Photo: Bruna CostaWe’re gonna need a bigger boat, preferably one with two of each animal. Studies published in this month’s Nature look at the link between CO2 levels and heavy rains and floods, and find that the increase in intense precipitation over the last 50 years can’t be explained by natural variability. The question of whether any single event — Snowpocalypse, the Queensland floods, etc. — is due to climate change is historically a thorny one, but these studies show that it’s possible to analyze the human contribution to extreme weather.

Extreme precipitation can only be fully explained by our overweening hubris: The first study looked at the recent increase in intense precipitation — rainstorms, snowstorms, etc. — and found that there’s been too big of a jump to be explained by natural variation, says the New York Times:

As reflected in previous studies, the likelihood of extreme precipitation on any given day rose by about 7 percent over the last half of the 20th century, at least for the land areas of the Northern Hemisphere for which sufficient figures are available to do an analysis.

The principal finding of the new study is “that this 7 percent is well outside the bounds of natural variability,” said Francis W. Zwiers, a Canadian climate scientist who took part in the research.

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Human intervention increases flood risk too: Another paper looks at one specific weather event, flooding in the U.K., and finds that it can also be attributed to global warming:

The British study focused on flooding in England and Wales in the fall of 2000. The disaster cost more than $1.7 billion in insured damages and was the wettest autumn for the region in more than 230 years of record-keeping.

Researchers found that global warming more than doubled the likelihood of that flood occurring. Similar studies are now under way to examine whether last year’s deadly Russian heat wave and Pakistan floods – which were part of the same weather event – can be scientifically attributed to global warming.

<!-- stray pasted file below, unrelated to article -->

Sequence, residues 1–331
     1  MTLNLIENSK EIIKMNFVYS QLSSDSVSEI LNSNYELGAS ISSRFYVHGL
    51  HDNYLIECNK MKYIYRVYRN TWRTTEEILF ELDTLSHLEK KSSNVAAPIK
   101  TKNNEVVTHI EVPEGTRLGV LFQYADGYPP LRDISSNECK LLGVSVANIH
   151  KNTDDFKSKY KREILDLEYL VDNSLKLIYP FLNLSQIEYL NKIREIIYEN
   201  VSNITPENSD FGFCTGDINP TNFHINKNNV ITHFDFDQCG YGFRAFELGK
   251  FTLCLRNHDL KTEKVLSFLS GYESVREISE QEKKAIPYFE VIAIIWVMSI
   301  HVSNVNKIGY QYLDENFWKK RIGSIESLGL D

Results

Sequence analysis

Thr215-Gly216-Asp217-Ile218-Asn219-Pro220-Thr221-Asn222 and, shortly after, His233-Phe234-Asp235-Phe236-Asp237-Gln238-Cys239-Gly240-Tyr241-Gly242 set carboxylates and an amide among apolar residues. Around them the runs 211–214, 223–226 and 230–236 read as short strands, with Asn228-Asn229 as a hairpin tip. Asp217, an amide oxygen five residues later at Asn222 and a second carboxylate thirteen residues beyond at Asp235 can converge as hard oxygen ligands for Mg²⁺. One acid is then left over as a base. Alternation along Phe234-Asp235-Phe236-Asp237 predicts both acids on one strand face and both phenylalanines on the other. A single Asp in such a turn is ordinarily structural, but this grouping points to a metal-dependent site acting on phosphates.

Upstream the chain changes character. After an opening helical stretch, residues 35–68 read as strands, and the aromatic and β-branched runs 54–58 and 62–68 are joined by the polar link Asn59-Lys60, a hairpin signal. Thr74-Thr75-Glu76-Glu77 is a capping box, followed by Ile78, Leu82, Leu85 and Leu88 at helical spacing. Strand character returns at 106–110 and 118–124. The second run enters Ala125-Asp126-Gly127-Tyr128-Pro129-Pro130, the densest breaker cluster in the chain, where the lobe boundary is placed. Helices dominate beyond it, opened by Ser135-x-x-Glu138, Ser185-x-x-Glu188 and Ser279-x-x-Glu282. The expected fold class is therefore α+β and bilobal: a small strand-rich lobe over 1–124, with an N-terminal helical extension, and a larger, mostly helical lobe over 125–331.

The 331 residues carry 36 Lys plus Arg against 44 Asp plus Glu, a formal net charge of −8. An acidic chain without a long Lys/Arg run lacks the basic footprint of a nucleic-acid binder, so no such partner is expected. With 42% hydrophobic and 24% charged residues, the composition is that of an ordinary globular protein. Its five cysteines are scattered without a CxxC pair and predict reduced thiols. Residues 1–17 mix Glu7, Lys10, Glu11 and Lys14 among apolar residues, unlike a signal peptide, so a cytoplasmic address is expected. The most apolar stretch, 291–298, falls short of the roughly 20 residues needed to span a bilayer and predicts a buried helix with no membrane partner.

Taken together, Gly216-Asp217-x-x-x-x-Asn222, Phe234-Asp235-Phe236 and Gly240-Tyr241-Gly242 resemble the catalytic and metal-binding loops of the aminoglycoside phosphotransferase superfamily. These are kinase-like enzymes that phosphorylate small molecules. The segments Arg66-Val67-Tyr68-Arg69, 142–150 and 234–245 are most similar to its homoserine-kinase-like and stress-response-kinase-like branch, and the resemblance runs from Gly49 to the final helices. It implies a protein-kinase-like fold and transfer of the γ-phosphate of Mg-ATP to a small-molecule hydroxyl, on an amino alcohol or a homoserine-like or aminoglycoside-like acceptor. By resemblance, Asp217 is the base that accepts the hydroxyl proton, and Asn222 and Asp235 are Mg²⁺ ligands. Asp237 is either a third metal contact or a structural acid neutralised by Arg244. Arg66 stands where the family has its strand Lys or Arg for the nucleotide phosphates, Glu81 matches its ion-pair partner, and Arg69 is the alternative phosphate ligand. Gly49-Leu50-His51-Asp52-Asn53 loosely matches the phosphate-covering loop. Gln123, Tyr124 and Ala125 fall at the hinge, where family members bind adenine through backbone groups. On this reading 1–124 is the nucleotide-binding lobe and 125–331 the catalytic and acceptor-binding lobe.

Okay, it doesn’t necessarily prove that we caused Snowpocalypse — yet: RealClimate warns against overinterpreting these results:

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[W]hile questions of attribution come up whenever something weird happens to the weather, these papers demonstrate clearly that the instant pop-attributions we are always being asked for are just not very sensible. It takes an enormous amount of work to do these kinds of tests, and they just can’t be done instantly. As they are done more often though, we will develop a better sense for the kinds of events that we can say something about, and those we can’t.

And the New York Times’s Dot Earth blog wants us to pay more attention to the caveats:

At the tail end of the full paper, capping a paragraph about a weak spot in the analysis — that the observed trend in extreme precipitation events exceeds what is produced by various climate models — comes a sentence about uncertainties:

“There are, however, uncertainties related to observational limitations, missing or uncertain external forcing and model performance.”

There’s no indication that those caveats (which included links to 9 cited papers) apply to the grand conclusion. Did the authors stress the uncertainties in discussions with journalists? It sure doesn’t look that way. Should the journalists have pushed harder when confronted with definitive language? To my mind, yes.

Here come climate reparations: Still, it’s a pretty freaking huge deal, says Time:

[W]e’ll need better analysis not just to predict coming extreme weather events and prepare for them — something that could have averted much of the damage from the terrible floods in Pakistan last summer — but in assigning cause and blame. That will matter for the business world-insurance companies will want to know just what caused devastating floods or storms as they pay out their claims. But it will also impact international climate negotiations. If developing countries-already on the front lines of global warming-can prove that carbon emissions from rich countries are causing what we once referred to as natural catastrophes, they may well be justified in demanding the equivalent of carbon reparations.